Liberté, Fraternité, Accessible!

Antti Raike

Antti Raike
Senior Advisor in accessibility
Aalto University

In this article I seek to clarify the concept of accessibility to media professionals. My aim is to make it useful in media productions covering film, television and games. In other words, the aim is to offer a working term for professional use in media.

Accessibility is making constantly new proponents. The utopian concepts like ‘accessible’ and ‘universal’ are vague but respectable enough to tell in a word how important democracy, diversity, equality, multiculturalism, and participation are for the proponent in question. Who might oppose these kind of worthy themes that make us happy and keep the customer satisfied although we are not quite sure what they actually mean? Any objections? Thus we can nail down our values, vision and mission (accessibility included) on a suitable location like office wall.

However, accessibility will not be so axiomatic if a casual media producer aims to mobilise it in practice. Then the tune typically changes, because accessibility tends to equal the increasing costs of conversions in production, and accessibility loses the all-embracing traits. Above the line or below the line, producers easily start the usual “someone should do something for free and quickly” and “who pays if it is done” haggle. This easily leads an experienced and streetwise producer to operate in such a situation as in changing a light bulb asking “actually, is it necessary to change it at all?” Perhaps the dualism of the concept is the reason why accessibility is preferred to stay as an abstract policy statement, instead of an essential component or a part in modern media production.

According to dictionary accessible could mean things like available, accessible, understandable, clear, friendly and easily approachable. Thus a lot of confusion has been caused by the word ‘accessible’ – surprisingly – pointing to access. How come friendliness or understanding has anything to do with access? So let’s make the first basic division for the practical implementation of accessibility. It can be distinguished as follows by two terms: accessibility and barrier-free. In addition, British tradition uses the term ‘inclusive design’, consistent with the terms of ‘barrier-free’ and ‘accessible’. Then the ‘barrier-free’ can be targeted to situations where the default is inaccessible. Built environment (such as a theatre, or Media Centre Lume in the School of Art and Design) is full of both foreseen and unseen barriers such as locked doors, thresholds, ramps, bumps, and stairs. Here I am referring to ‘affordances’ defined by Gibson; we are talking about things we do not exactly know how they will work, how users will use our designs, or how they access in different situations. Yet, we expect the existence of some of the premise and we aim to increase the number of guests, visitors, or audience. For example, a producer claims “adults are able to use this, but not children” or “this game is for teenagers”. In cases of this kind, “inaccessible” and “accessibility” suggest that the default is inability to act, because something will be needed to outstand these barriers what ever they are. In this sense, Finnish Association of People with Physical Disabilities uses the term ‘barrier-free’ (‘esteettömyys’ in Finnish) very logically: Removing the existing barriers is the core activity of the association. Their bread is to ensure that unnecessary steps or thresholds will not exist and, if they do, the barriers can be minimised by ramps that are marked clearly for users etc.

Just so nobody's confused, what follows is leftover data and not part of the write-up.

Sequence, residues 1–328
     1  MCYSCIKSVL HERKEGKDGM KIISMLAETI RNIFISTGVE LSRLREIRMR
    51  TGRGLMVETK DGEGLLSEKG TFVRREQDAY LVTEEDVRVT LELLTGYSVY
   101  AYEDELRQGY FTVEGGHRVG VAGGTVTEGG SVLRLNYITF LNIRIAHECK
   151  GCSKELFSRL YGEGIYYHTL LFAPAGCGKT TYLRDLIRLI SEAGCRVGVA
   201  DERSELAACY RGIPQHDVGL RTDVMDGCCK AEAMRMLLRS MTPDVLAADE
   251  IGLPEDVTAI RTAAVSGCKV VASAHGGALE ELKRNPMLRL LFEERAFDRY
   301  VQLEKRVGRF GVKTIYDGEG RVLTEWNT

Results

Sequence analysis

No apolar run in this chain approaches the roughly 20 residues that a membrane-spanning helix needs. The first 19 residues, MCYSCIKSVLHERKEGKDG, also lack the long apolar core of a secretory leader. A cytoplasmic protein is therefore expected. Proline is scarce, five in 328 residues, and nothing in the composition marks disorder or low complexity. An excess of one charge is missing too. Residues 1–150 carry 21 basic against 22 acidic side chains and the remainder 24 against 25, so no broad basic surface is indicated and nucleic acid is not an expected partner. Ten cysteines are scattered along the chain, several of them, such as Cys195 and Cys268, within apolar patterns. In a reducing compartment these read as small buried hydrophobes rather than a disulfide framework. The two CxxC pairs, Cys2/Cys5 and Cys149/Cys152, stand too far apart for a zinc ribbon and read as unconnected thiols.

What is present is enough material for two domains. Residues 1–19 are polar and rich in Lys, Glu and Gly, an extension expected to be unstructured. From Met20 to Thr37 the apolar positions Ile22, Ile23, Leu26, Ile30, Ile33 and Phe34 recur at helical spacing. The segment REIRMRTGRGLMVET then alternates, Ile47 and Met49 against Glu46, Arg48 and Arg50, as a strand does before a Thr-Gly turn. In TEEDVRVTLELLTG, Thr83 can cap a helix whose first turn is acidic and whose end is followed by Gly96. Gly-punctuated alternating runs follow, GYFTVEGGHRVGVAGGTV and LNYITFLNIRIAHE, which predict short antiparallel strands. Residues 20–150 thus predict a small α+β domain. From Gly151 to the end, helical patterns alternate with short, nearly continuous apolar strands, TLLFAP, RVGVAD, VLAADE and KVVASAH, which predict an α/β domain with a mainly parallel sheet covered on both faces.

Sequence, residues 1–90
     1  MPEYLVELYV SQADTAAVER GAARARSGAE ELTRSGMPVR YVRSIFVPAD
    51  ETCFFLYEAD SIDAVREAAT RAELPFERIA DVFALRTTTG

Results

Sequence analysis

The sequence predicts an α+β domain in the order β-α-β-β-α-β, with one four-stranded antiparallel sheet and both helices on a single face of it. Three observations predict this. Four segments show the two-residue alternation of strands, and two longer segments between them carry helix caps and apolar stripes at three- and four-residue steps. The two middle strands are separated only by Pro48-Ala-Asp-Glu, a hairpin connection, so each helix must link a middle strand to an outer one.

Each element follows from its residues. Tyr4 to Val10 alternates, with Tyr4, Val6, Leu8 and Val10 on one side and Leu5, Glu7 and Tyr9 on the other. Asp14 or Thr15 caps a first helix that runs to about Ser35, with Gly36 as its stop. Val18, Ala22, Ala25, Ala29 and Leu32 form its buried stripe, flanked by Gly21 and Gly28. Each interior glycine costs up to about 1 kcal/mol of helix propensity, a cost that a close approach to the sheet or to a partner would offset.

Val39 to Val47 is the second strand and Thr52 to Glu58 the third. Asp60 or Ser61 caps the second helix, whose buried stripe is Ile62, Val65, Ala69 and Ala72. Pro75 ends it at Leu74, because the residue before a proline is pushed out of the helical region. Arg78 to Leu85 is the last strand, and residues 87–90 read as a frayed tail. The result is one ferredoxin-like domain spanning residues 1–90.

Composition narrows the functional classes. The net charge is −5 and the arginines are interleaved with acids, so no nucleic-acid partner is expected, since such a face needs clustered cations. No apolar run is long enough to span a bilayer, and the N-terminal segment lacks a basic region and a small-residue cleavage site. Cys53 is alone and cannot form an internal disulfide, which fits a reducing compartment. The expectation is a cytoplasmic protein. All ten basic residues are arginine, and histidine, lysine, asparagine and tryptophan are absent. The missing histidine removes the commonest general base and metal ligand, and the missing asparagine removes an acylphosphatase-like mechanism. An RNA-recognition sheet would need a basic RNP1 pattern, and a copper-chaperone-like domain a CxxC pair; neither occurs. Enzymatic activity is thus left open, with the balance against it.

On the other hand accessibility can be seen more as proactive policy and an essential part of modern professional media production: Good accessibility tempts more audience. This is where we should learn something new to make accessibility a natural part of our operations.

Accessibility in media is a holistic default approach in situations where the “inaccessible” is not necessary or the actual starting point: Especially in digital media production there is no rational reason to do inaccessible products, because making everything accessible is just as easy. The production of ‘inaccessible’ solution is as easy or as difficult as ‘accessible’, modern digital service is just as easy to implement both ways, so why not take the accessible way for granted? Here it is necessary to reflect our ossified thinking models: A digital service or production is not a building, a service itself does not require ‘doors’, ‘stairs, ‘too small toilets’, ‘dim corridors’ or whatever we are familiar with built environment. This difference with digital and physical environments is at the core of W3C activities: Obstacles and barriers are always additions resulting from producers’ inability, laissez-faire mentality, lack of understanding, or even pure laziness (but hopefully never unprofessionalism). Where building developers and architects have to face the limitations of three-dimensional physical space and materials, producers have to address the constraints of imaginary and attitudes. Surely, user interfaces, these physical gadgets may be associated with different types of obstacles, but the keyboards, monitors and mice are not digital products: They belong to the physical world.

Previous could be summarized as follows: Any digital service or artefact is basically accessible as a concept before the production, but it could be made inaccessible during the production phases. The physical environment is always inaccessible to someone in one way or another, but it can be modified to be accessible. In both cases there is a unifying principle and best practice: Nothing beats good planning and careful pre-production. All in all, I encourage fellow producers to consider the concept of accessibility: It is a handy tool in modern media productions.

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